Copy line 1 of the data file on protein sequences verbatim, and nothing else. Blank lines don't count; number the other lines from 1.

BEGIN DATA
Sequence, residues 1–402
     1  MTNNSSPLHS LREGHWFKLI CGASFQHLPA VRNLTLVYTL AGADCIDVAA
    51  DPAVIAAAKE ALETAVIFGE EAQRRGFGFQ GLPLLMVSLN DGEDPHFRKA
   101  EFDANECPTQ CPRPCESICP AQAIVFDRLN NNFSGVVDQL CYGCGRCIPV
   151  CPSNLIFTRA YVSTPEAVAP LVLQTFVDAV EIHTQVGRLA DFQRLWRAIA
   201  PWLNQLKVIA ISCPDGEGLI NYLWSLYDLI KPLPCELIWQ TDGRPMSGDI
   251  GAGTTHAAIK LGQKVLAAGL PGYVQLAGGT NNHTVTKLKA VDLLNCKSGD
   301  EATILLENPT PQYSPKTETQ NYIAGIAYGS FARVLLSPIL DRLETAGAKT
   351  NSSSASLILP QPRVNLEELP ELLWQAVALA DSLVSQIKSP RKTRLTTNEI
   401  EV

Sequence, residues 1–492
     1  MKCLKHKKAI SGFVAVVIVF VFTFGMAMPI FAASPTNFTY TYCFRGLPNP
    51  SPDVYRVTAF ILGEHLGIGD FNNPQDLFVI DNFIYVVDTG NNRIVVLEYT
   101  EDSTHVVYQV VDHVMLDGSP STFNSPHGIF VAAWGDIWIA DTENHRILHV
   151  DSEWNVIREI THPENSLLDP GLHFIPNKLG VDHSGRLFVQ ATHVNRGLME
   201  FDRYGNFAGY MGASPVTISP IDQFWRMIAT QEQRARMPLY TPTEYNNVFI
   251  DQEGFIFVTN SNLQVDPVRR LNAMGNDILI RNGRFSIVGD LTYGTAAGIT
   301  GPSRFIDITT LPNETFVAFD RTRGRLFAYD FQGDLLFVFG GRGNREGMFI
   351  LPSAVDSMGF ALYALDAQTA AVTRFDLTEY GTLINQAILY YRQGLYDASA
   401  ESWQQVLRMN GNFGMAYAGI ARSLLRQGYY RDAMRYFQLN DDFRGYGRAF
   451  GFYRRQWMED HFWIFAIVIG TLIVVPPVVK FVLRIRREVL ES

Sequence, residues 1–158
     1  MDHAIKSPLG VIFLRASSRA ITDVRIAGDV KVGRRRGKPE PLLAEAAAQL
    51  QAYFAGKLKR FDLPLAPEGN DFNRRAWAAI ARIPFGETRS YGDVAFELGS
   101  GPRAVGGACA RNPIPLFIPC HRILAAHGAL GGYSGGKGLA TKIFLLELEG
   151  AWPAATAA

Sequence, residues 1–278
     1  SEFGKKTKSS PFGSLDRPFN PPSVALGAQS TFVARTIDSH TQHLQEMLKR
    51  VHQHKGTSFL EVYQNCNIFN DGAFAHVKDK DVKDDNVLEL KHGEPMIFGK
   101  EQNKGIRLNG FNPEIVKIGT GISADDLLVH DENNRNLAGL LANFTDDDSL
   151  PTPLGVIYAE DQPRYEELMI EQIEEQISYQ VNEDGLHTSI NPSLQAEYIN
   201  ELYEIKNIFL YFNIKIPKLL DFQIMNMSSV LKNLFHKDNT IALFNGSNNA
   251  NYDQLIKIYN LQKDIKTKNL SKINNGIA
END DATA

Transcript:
Sequence, residues 1–402